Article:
It need not be the new faculty member who does X or Y. A department could make a case for hiring a faculty member to do Z, so that current faculty members particularly well positioned to do X or Y could have more of their time devoted to those initiatives. So, for instance, Scandinavian Studies might decide that it wants to provide more upper-level courses for the increased number of transfer students likely to be interested in that major. It puts forth a proposal to hire a faculty member whose interests are in the introductory level of teaching, so that some of the existing faculty (currently teaching those courses) can move their teaching to the upper level. Or, another example: Botany wants to make best use of the newly emerging successes of its faculty who have been increasingly successful in obtaining external funding. They make the case for hiring a 3-year term postdoc to participate in that effort and to cover a greater quantity of the larger lecture sections so that the newly successful grant-getting faculty can increase the number of grants they apply for. Or, another: Marine Management concludes that if they can move some of their curriculum to a different format or venue, they will be able to accommodate more students, and they make a case for hiring a faculty member with expertise in that format/venue who will not only start that process him/herself but also will help the other faculty move their courses over. Or…… There are many other kinds of possibilities—think of the unit (department/ college/ school/ collaboration) as the entity that will be showing X in external funding and/or Y in enrollment. How the unit accomplishes that will certainly be different for each circumstance.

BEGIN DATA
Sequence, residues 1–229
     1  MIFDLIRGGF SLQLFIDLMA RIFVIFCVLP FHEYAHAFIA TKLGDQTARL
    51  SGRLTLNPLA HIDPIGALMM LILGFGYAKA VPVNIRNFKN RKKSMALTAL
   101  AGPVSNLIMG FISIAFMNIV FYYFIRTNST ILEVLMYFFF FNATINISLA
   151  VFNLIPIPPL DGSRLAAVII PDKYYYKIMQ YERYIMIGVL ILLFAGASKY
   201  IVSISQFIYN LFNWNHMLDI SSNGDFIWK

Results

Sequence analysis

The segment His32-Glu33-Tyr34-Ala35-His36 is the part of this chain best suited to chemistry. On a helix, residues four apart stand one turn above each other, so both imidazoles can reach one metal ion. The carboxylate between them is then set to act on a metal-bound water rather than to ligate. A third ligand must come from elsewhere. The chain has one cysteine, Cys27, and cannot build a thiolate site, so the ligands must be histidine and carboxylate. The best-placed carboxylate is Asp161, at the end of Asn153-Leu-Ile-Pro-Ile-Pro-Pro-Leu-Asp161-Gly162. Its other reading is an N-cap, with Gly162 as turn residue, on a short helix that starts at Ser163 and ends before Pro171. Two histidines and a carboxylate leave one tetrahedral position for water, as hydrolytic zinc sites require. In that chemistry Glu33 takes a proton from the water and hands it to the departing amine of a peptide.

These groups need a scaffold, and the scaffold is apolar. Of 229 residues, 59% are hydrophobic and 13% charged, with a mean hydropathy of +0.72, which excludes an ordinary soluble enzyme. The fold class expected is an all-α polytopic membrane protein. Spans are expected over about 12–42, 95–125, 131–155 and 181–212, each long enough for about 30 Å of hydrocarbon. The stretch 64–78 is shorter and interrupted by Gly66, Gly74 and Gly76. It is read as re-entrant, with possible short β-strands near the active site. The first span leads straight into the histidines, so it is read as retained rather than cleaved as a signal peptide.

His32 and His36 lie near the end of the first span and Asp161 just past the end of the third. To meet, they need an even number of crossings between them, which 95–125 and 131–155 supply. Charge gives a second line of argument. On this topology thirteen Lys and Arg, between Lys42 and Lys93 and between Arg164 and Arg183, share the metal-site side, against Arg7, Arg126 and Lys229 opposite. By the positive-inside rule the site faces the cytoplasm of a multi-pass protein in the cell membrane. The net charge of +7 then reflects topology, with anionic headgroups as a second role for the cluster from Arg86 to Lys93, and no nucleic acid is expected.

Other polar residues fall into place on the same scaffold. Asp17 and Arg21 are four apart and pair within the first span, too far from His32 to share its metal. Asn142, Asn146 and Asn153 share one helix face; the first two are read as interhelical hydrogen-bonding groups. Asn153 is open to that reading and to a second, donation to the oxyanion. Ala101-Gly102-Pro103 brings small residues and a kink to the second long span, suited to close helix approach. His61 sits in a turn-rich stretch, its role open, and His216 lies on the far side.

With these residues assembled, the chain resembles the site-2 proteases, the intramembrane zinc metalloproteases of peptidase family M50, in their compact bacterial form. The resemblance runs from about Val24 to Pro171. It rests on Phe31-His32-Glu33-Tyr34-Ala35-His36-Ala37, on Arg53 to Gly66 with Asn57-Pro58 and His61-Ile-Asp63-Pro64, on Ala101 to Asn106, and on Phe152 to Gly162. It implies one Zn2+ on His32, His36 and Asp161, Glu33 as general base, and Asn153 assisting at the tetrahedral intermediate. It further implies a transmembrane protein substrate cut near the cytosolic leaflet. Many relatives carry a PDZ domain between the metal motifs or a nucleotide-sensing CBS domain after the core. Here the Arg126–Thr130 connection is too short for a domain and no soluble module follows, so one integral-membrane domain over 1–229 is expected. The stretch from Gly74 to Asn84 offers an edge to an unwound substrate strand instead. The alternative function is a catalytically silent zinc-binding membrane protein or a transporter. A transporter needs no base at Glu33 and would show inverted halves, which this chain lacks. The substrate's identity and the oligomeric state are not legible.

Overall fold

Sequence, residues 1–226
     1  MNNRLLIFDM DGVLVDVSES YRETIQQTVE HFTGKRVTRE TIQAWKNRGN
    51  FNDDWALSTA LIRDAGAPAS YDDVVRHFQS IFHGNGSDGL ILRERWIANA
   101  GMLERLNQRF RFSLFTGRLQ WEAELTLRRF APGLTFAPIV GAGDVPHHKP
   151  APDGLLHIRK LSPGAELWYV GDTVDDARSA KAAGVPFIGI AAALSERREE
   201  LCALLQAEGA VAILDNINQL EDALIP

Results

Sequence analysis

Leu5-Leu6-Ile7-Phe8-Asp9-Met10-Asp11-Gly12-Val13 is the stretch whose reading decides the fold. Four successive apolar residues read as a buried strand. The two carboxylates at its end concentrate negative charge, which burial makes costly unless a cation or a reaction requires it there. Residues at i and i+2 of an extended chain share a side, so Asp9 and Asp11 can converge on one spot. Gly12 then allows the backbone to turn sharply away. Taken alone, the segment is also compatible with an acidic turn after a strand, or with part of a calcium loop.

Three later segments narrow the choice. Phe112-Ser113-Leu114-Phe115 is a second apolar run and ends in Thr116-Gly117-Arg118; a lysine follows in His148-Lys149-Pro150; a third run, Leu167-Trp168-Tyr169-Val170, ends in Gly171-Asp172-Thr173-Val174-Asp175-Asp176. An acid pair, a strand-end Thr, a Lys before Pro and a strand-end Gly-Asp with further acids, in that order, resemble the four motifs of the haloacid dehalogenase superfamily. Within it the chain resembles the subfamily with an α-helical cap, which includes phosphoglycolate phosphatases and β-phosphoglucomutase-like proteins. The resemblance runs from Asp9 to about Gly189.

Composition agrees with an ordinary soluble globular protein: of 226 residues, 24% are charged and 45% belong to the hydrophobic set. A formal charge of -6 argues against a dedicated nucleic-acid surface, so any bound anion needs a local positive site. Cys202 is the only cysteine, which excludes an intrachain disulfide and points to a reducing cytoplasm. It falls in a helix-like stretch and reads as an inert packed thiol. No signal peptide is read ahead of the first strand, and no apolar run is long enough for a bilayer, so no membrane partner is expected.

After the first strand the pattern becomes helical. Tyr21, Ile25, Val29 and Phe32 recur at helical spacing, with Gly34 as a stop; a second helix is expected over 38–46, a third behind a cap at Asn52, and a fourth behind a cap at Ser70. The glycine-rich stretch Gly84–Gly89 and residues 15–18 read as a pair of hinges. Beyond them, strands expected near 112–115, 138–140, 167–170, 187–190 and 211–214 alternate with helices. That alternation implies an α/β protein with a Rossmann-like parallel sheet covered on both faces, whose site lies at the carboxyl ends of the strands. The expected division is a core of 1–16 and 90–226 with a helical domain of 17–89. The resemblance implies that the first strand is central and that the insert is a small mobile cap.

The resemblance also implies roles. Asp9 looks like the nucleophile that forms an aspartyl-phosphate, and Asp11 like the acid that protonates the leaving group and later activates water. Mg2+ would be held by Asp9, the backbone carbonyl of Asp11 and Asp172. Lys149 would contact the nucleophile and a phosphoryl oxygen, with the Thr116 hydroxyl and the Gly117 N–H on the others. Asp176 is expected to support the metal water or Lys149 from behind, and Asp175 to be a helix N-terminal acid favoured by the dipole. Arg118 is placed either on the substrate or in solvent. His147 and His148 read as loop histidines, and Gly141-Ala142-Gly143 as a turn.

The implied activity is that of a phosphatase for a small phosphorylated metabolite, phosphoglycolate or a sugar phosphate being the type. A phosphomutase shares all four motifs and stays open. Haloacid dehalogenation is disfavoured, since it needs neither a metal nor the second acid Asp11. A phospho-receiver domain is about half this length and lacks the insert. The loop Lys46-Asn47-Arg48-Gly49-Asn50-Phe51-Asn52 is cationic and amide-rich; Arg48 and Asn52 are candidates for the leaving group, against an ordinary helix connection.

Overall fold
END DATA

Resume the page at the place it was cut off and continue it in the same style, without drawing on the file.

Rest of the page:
Q - What types of evidence or documentation is needed to justify projected external funding additions?
A - The track record of accomplished researchers in this discipline, either at UAlbany or elsewhere, would work nicely, along with justification or parallels that can be drawn to the unit in question. The rank and research expertise of those involved, along with any other pertinent factors should also be cited.
Q - For the requested resource table (“Proposal_budget_TEMPLATE_UA2020_Round-2.xlsx”), do I enter the new hires’ salary in each year, or just once?
A - Just once, in the “recurring” column for the year in which they will start.
Q - For the projected output metrics, do I enter the new funding each and every succeeding year, or just the first year in which it occurs?
A - Just the first year in which it will occur. It is assumed that any new externally generated funds (research, philanthropic, or otherwise) will continue on into the out years, so only include new dollars expected in the first time period in which it occurs. For example, if $100,000 in new RF funding is expected in 2014-15 as a result of the new hire, that $100,000 would only be entered in the 2014-15 column, and not thereafter. But if this new hire is expected to bring in $100,000 in 2014-15, and then an additional $100,000 in 2015-16 on top of the dollars brought in in 2014-15 (which would be expected to continue as well), as his or her research program solidifies, then $100,00 would be entered in the 2014-15 and also in the 2015-16 column. The remaining columns would contain $0, resulting in $200,000 in total new funding over the coming five-year period.
Have a question that is not addressed above? Please contact Bruce Szelest, Associate Vice Provost for Academic and Resource Planning at firstname.lastname@example.org or call 437-4928.